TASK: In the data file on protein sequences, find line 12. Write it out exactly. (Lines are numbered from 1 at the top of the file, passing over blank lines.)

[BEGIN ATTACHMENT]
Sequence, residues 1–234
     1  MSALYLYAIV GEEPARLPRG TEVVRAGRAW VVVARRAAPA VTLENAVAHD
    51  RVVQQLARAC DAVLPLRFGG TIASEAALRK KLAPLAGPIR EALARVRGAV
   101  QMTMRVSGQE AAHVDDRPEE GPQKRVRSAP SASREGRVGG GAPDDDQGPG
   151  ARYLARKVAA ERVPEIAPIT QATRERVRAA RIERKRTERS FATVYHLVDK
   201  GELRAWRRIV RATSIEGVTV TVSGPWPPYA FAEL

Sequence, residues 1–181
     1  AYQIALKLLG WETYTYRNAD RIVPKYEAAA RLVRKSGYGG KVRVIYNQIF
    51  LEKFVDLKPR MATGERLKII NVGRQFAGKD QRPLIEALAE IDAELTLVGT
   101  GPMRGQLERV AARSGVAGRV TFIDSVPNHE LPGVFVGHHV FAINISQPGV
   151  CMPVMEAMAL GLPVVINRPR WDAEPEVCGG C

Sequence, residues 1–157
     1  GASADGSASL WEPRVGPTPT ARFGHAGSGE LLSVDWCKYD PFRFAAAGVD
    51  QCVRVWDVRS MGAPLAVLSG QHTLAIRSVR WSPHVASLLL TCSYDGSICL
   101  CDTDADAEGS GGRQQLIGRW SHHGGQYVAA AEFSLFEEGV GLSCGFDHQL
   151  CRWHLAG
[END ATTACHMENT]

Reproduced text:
Sequence, residues 1–157